Montana Outdoors

November 15, 2014

Cedar Waxwings

Cedar Waxwing

Cedar Waxwing

Cedar Waxwing

The berries they are eating are from the Red Hawthorn AKA Columbian Hawthorn, Crataegus Columbiana.



  1. Lovely shots.


    Comment by Boeta — November 15, 2014 @ 9:07 pm

  2. One of my favourite birds. You sure got nice clear shots of them. Very sharp!


    Comment by wordsfromanneli — November 15, 2014 @ 9:19 pm

    • I’ve always admired the Waxwings; they are so pretty. There are lots of them here and they’ve been around all summer. Hard to photograph though until today when they were feeding in good light.

      Liked by 1 person

      Comment by montucky — November 15, 2014 @ 10:27 pm

  3. Glorious! and so special. We see the waxwings from time to time, but when they come through, they linger only long enough to eat whatever they can find, and then they’re gone. They’re greedy little birds, and usually can strip a tree of its berries pretty quickly. But they’re so handsome.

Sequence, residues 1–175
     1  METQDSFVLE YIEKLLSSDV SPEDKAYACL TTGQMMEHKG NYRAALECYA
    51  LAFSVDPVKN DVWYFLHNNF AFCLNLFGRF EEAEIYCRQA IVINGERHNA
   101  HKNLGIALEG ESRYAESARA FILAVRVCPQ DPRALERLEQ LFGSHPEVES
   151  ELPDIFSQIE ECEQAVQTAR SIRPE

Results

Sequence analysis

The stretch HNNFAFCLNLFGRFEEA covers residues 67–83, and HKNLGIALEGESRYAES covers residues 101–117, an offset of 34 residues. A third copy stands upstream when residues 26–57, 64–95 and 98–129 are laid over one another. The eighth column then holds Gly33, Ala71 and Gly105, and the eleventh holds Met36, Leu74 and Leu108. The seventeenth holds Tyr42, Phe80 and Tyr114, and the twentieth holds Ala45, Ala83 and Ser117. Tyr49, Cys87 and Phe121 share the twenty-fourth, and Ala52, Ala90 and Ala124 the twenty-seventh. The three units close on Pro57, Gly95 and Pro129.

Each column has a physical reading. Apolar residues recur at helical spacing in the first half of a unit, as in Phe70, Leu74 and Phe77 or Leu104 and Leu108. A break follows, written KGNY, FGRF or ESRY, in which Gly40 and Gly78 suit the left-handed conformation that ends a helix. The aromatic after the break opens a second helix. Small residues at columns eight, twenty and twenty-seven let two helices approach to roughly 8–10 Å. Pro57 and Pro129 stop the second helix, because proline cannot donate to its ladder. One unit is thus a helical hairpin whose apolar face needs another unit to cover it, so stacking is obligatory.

Comment by shoreacres — November 15, 2014 @ 9:41 pm

    • They are known for traveling (or living too, I suppose) in big flocks. Since they like these berries there is a very large food supply for them. There are over a hundred of these trees in a half mile section of that hillside. The berries are not all that bad tasting, although they are seedy. I eat quite a few of them myself every fall.


      Comment by montucky — November 15, 2014 @ 10:35 pm

  4. I love the colours in these shots! I think it’s the first time I’ve actually seen close up shots of a bird swallowing like this. Gorgeous.


    Comment by Jane — November 15, 2014 @ 9:54 pm

    • This was the first really good chance that I’ve had to photograph them and I got about a dozen nice photos today. They are beautiful and pleasant birds and I enjoy having them around. Those are excellent berries for these birds and very plentiful.

      Liked by 1 person

      Comment by montucky — November 15, 2014 @ 10:40 pm

  5. great images. I’d love to get a few myself but not many of them hang out in my neck of the woods. Mostly woodpeckers for me this time and year and they are very good at staying on the back side of the tree.


    Comment by Anjmacz — November 15, 2014 @ 11:08 pm

    • These guys seem to realize that they have a pretty good place to hang out among all of the Hawthorns. Lots of food and protection provided by the thorns. We still have a good population of woodpeckers, Downys and Flickers. Also the ever-loyal Chickadees and Juncos.


      Comment by montucky — November 15, 2014 @ 11:48 pm